To the surpise of no one Wu-Tang Clan has produced several songs that discuss various aspects of sexuality. However, there is only one that I can think of (I’m sure there may be others) that discuss specific STIs, having multiple partners, and protection. That song is Maria off the Wu-Tang Forever album. I’ve used this song in my teaching about STIs and the narrative that is presented, also how each women discussed may be racialized just by her name. We also sometimes discuss how “Maria” is a name that is connected to so much imagery in our society (i.e. the Virgin Mary etc.). This song has the most overt use of profanity so it’s definitely NSFW and there are sexist scenarios. So, knowing this, listen when you are ready or can and hear the message about using condoms and get tested. (And yes, I do realize there are complicated contradictions as this crew has some of the same member who produced “I Like It Raw.”)
TLC’s I Ain’t Too Proud, was one of their first singles when they came on the scene with their album Oooooooooooh On The TLC Tip. One of the first groups to incorporate hip-hop music, rapping, R&B by all women identified members really set the stage for similar women singing groups to be formed. This was also a time when gender expression was very much played with among some women MCs, and Lisa Left Eye Lopes was no different. Her attire during the entire song is clad in condoms. The song does take on a more sex-positive take representing women of Color asking for their needs to be met, which is often an anthem in many hip-hop songs by women. Yet, their inclusion of condoms makes their song stand out.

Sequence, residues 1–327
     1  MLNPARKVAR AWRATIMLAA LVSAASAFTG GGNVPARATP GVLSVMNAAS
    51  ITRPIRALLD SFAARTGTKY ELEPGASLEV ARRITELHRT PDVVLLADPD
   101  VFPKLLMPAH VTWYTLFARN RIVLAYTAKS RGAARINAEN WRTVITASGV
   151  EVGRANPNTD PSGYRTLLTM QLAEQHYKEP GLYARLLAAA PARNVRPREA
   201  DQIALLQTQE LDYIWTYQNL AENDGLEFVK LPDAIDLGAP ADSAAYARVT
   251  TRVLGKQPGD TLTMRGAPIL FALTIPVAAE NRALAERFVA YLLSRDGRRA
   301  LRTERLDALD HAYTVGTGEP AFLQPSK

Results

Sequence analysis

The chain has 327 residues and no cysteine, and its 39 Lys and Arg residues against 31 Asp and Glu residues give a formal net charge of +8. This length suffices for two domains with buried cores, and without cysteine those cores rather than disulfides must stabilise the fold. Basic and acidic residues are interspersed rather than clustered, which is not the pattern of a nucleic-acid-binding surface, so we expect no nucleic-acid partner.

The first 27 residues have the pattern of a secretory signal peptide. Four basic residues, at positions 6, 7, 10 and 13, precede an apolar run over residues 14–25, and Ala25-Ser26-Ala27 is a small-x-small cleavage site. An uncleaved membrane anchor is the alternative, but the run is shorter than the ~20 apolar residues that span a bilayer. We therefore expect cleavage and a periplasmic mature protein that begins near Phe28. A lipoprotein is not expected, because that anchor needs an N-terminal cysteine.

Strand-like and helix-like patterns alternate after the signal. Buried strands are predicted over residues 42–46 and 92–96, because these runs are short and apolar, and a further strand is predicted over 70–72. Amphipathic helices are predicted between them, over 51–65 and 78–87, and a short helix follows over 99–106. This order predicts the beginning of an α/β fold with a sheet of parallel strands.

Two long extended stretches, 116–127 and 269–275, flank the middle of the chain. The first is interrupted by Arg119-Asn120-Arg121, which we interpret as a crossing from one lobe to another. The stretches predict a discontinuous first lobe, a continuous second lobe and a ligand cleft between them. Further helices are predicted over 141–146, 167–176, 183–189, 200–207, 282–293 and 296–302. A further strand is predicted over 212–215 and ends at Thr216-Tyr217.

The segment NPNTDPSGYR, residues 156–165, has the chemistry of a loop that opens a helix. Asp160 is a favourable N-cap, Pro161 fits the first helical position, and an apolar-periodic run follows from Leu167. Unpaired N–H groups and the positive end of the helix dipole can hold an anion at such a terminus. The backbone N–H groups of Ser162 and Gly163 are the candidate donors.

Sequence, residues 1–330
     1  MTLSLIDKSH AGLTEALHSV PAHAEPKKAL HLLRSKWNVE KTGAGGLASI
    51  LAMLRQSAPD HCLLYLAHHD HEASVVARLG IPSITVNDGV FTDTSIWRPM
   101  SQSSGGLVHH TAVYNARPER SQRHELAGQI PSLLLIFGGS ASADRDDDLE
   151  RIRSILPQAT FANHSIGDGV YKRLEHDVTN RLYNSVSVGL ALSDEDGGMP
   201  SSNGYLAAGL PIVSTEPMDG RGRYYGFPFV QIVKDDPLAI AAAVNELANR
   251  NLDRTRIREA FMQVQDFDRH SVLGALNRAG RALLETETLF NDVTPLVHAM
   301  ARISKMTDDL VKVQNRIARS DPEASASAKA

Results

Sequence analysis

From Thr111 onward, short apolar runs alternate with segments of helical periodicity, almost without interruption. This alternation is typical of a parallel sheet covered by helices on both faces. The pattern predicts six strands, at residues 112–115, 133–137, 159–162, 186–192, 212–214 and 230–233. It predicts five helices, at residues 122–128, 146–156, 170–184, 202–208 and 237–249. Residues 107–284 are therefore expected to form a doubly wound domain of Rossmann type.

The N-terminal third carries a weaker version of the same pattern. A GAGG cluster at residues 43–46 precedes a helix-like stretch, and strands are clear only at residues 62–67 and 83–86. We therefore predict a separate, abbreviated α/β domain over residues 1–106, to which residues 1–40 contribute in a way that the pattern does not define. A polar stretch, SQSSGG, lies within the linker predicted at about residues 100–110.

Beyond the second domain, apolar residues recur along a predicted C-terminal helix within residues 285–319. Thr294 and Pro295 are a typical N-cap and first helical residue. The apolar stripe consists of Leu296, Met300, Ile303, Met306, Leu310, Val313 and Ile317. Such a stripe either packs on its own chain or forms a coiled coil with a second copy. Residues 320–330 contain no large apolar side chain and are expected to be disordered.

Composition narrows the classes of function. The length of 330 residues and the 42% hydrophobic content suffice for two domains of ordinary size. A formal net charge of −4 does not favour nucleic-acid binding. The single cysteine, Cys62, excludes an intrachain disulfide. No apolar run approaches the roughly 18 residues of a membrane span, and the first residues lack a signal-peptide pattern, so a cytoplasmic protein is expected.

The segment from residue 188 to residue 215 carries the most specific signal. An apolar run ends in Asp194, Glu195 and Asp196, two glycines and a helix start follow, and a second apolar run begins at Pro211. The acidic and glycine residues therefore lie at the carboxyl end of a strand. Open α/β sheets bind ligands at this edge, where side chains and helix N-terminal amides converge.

Earlier this decade I got more into the west coast crew The Coup. Their latest album Pick A Bigger Weapon has amazing songs, and I mean ah-mazing! Yet, all their songs are stunning and exactly what I need all the time. On this last album they had a song called BabyLet’sHaveABabyBeforeBushDoSomethin’Crazy with Silk-E as the lead singer. What I appreciate about this song is that there is a discussion about planning a pregnancy. A discussion that also has connections to choosing to stop using a birth control method, in this song it’s the contraceptive patch.
One of the things I also adore about this song is that there is an affirmation in building a family in a world that is unclear and confusing. Unfortunately, a world where bodies and people of Color are not valued in the same way other bodies are. Silk-E sings: